The voluntary wing of the Conservative Party works across the country to help the Party win elections. They run their local Associations and freely donate tens of the thousands of hours of their time every year to help the Party. They campaign - delivering leaflets or canvassing voters during election campaigns and they are also the people who raise the money to run the Party across the country, through membership subscriptions and holding events, sometimes hosting these in their own homes. Almost all the Conservatives who work for the Party do so on a voluntary basis because they believe that the achievements of the Party's aims will make Britain a better place.
Many people who offer their time to the Conservative Party are not members of the Party itself. But being a member allows you to stand for elected office and to be closely involved in the selection of candidates at all levels, including the selection of the Leader of the Party.
Every member of the Conservative Party is a member of a local Association, which corresponds to a parliamentary constituency. While Associations vary in size, almost all follow the same structure. Officers of the Association are elected annually to positions that include President, Chairman, and two Deputy Chairmen – a Deputy Chairman Membership and a Deputy Chairman Political. Most also have officers with specific responsibility for social action campaigns and the Conservative Policy Forum. Each Association also has an Executive Council, which draws representatives from the Wards that make up constituencies.
Some constituencies have now joined groupings, which will mean that they have one Association to run the constituencies in that group.
At Association level, volunteers will be responsible for holding fundraising and social events, and also for campaigning at elections. To get in touch with your local Association, or to join the Party, click here.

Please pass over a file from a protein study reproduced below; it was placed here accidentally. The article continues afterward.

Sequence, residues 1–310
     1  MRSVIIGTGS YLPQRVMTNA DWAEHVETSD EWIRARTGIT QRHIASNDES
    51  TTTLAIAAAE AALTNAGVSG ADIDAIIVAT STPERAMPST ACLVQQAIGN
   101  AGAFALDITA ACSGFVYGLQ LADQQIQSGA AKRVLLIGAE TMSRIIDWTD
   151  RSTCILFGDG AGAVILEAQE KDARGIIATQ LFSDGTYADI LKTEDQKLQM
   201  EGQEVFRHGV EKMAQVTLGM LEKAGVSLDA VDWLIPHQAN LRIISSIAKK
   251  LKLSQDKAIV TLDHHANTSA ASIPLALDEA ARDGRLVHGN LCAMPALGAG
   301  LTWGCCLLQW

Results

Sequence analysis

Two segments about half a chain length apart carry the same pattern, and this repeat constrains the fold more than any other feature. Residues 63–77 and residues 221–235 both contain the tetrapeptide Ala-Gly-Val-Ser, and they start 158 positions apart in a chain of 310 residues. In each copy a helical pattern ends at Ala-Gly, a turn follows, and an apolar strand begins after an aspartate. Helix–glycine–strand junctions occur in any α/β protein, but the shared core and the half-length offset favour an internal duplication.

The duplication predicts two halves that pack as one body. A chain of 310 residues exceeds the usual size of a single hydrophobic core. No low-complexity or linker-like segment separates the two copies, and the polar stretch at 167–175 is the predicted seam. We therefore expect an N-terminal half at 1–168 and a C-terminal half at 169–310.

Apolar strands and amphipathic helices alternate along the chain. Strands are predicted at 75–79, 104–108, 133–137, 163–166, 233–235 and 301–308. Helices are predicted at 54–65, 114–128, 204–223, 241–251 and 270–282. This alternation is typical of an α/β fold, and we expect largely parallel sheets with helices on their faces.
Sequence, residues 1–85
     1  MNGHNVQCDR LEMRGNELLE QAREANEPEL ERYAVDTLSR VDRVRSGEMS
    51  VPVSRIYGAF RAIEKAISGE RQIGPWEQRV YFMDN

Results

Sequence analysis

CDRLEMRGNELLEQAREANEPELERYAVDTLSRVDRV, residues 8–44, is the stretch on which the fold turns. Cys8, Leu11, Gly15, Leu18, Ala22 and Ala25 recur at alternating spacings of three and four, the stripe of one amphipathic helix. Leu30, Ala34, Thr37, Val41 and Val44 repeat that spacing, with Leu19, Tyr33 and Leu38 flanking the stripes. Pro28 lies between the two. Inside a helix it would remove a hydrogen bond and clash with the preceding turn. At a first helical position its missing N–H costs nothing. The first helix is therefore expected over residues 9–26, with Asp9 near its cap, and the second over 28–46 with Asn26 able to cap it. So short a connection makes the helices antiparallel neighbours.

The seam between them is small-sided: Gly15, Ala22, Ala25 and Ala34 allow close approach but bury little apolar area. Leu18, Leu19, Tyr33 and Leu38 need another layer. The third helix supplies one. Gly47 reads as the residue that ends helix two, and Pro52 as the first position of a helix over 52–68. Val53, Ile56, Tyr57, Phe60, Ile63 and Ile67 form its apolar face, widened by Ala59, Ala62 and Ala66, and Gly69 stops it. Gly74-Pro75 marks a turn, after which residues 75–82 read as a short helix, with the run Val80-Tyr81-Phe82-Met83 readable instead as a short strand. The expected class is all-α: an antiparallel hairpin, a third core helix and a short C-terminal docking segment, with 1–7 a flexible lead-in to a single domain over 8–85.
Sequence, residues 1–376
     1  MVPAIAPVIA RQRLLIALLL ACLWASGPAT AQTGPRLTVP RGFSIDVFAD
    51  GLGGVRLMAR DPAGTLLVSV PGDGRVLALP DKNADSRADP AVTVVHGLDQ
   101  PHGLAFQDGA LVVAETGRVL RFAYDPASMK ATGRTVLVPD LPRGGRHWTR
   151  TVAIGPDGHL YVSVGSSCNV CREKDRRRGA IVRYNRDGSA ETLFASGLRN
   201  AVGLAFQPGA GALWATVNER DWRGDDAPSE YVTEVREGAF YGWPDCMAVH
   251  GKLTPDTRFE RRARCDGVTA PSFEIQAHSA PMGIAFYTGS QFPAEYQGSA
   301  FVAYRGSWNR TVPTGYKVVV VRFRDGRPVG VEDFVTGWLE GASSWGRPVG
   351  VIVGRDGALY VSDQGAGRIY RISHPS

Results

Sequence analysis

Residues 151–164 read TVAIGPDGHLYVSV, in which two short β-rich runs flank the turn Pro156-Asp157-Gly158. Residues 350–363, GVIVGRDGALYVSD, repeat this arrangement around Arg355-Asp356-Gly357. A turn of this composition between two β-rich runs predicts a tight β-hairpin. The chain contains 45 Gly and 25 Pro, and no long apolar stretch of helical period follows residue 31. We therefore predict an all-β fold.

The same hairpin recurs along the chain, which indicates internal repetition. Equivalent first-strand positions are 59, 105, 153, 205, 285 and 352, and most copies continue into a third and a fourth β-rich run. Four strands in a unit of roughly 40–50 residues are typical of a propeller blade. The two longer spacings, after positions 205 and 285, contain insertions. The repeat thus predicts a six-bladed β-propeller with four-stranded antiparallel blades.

Areas and Regions
For organisational purposes, the country is broken up into Regions, with each Region containing a number of Areas. Both Regions and Areas also have a similar structure to constituencies – namely Regional and Area Chairman, and Deputy Chairmen for Membership and Political.
The National Convention
The National Convention is effectively the parliament of the Voluntary Party. It is comprised of all Association Chairs, officers from Areas and Regions as well as 42 representatives from Conservative Future and the Conservative Women's Organisation. The Convention meets twice a year – its Annual General Meeting is usually held at Spring Forum, with another meeting usually held at Party Conference. Its purpose is to receive the Annual Report, elect the Convention’s new officers and to set the Voluntary Party’s direction.
Officers of the National Convention
The most senior volunteers within the Conservative Party are the Officers of the National Convention; led by the Chairman, they represent the views of the Voluntary Party to the leadership of the main Party. The Chairman of the Convention is also a Deputy Chairman of the Conservative Party. The President is the Chairman of the Party Conference and there are also three Vice Presidents. All of these five senior volunteers are elected at Spring Forum, and also sit on the main Board of the Party.
The Strategy Team
The Officers of the National Convention along with Chairmen of each Region and the Chairmen of Conservative Future and the Conservative Women’s organisation make up the Strategy Team. This is responsible for planning the development of the voluntary Party and helping to set its aims.
Conservative Policy Forum (CPF)
Many people join political parties because they feel passionately about issues and want to make a difference. The Conservative Policy Forum gives them the chance to have their voices heard. Many constituencies have CPF groups and there are now co-ordinators for the CPF at constituency, area and regional levels.
The Party is encouraging the voluntary party to take on Social Action projects; similarly there are regional Social Action co-ordinators at all levels of the voluntary party. To learn more about Social Action, click here.